A team of investigators convened by the Inter-American Commission on Human Rights (IACHR) issued a report Friday calling for Nicaraguan President Daniel Ortega, along with other government officials, to be investigated for their role in the deaths of more than 100 people during massive street protests this year.
After a detailed examination of the violence that occurred in April and May, the panel concluded that "the State of Nicaragua has carried out acts that, in accordance with international law, must be considered crimes against humanity."
It said his findings were the result of six months of work, including meetings with victims and witnesses, and the review of thousands of pages of documents and videos.
The 450-page report of the international panel of experts provided one of the most detailed accounts of the violent repression of protests throughout the country that began in April, as well as the systematic impunity to the lack of any judicial investigation into the deaths.
The Interdisciplinary Group of Independent Experts (GIEI) was created in an agreement with the government of Nicaragua to examine the violence that took place following the outbreak of the protests on April 18. However, the panel said the report was carried out without government cooperation.
According to the report, "the GIEI was able to determine that most of the murders and serious injuries are the responsibility of the National Police, whose personnel acted directly and also in a coordinated manner with para-state armed groups."
It added that "this level of coordination between the different areas of the National Police, on a repeated basis, can only be explained by decisions made at the time by the highest authorities, for which the GIEI recommends investigating the responsibility of President Daniel Ortega in his capacity as overall head of the National Police."
Between April 18 and May 30, 2018, the GIEI registered at least 109 deaths due to the violence, more than 1,400 injured and more than 690 detainees. Of the 109 deaths analyzed by the GIEI, 95 were shot by firearms, all struck in the skull, neck or thorax.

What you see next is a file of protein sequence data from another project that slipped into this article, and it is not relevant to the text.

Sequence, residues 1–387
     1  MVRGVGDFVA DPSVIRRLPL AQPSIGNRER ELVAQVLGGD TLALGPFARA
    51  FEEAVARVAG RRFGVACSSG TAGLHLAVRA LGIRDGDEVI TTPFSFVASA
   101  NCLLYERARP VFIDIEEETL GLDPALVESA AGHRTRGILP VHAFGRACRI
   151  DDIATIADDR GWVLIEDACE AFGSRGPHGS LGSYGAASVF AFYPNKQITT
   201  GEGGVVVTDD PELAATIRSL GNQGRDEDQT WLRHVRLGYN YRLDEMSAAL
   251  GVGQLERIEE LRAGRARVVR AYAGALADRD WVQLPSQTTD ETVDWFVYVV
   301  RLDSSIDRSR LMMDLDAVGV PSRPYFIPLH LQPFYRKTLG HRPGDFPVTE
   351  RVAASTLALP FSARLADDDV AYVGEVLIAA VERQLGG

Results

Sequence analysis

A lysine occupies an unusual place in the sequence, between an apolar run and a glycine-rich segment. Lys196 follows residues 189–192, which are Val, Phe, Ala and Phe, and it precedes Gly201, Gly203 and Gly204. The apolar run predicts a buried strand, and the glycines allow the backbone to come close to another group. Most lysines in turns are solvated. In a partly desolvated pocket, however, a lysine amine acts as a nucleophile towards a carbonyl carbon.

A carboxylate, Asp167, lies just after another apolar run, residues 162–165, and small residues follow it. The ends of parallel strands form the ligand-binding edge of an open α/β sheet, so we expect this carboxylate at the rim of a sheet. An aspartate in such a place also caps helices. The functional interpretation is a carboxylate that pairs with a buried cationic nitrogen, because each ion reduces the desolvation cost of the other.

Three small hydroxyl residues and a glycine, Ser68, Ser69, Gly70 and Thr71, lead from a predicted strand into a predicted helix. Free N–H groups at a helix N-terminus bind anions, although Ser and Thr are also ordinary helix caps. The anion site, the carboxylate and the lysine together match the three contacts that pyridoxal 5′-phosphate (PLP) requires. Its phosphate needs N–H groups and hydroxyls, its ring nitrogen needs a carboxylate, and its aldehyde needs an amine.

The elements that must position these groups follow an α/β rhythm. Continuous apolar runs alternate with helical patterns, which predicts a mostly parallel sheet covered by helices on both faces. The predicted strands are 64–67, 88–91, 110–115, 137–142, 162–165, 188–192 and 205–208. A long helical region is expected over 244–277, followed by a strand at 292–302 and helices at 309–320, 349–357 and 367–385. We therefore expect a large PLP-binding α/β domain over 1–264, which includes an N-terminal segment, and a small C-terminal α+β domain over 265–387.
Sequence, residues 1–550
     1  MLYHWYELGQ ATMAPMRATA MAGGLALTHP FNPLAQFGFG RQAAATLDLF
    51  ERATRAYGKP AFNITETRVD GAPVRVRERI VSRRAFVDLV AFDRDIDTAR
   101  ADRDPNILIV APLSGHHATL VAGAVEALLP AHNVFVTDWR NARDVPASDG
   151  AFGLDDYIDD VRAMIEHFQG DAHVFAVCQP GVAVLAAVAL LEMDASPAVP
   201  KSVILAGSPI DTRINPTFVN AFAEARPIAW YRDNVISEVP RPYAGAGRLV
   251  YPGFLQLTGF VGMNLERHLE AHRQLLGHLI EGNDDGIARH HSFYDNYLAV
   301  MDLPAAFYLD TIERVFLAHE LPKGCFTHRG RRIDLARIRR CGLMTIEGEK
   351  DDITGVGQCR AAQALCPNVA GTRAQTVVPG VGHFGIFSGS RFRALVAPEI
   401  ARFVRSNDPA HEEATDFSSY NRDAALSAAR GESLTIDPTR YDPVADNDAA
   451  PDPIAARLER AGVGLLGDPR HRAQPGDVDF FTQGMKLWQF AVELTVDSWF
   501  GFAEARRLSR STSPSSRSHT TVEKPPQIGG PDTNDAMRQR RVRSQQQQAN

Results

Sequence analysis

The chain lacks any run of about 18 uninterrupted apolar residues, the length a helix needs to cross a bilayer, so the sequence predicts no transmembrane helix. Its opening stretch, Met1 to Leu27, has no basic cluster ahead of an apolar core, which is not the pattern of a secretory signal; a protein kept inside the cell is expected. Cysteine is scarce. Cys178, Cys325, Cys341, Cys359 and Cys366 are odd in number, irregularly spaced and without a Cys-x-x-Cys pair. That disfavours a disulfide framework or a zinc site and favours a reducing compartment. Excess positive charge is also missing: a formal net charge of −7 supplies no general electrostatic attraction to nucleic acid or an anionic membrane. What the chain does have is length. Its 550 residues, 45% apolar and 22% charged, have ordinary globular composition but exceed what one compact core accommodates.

Of the 109 violent deaths, 100 have not even investigated. In the nine cases that have been prosecuted, six were in one way or another associated with state authorities or the ruling Sandinista party.
Among a detailed list of 24 recommendations, the panel called on the Ortega government to cease its harassment of journalists, the investigation and firing of all government officials involved in human rights abuses, the dissolving of all paramilitary forces and the purging of the police, the hiring of international prosecutors to investigate crimes and the payment of reparation to victims of government repression.
Contrary to government claims that it is using legitimate police measures to defend itself from “terrorist” attacks and attempts to stage a coup against Ortega, the report concluded that the anti-government protests were by and large a “peaceful” exercise of universally recognized democratic freedoms.
The idea that the anti-Ortega protesters are terrorists is “a preposterous idea,” said Eric Olson, a Latin American security and human rights expert and Director of the Seattle International Foundation's Central America - DC Platform. “Instead of going after the perpetrators, the government is going after protesters who are exercising their basic rights,” he added.
The Nicaraguan government expelled the independent panel of OAS investigators on Wednesday, the day before they were scheduled to present their final report on violence and human rights abuses in the country at a press conference in Managua.
The idea that anti-Ortega protesters are terrorists is "an absurd idea," said Eric Olson, an expert on security and human rights in Latin America and director of the Central America Platform of the Seattle International Foundation. "Instead of persecuting the perpetrators, the government is persecuting the demonstrators who exercise their basic rights," he added.
The Nicaraguan government expelled the independent panel of OAS investigators on Wednesday, one day before the scheduled date to present its final report at a press conference in Managua.
"The decision of the Nicaraguan government to expel an international group of experts, after inviting them to investigate the violence related to the protest, is a flagrant and deplorable effort to silence the truth," said Geoff Thale, Vice President of Programs of the Office of Washington for Latin America (WOLA), a group that has been monitoring what happens in the region for decades.
In the last seven months, more than 300 people died, mostly at the hands of paramilitaries and security forces linked to the government and hundreds more were arbitrarily accused of political crimes. Thousands more have fled the country for their safety and that of their families.
Ortega seems to maintain firm control after the street protests were crushed this summer and the Nicaraguan government will probably ignore the OAS report.
Even so, the report's finding was valuable, Olson said. "These are the facts that we have to support," he said. "The government invents a new fact, a new lie every day. Hopefully this will encourage other countries, some of those on the margins like Mexico, to be more proactive and speak more clearly. "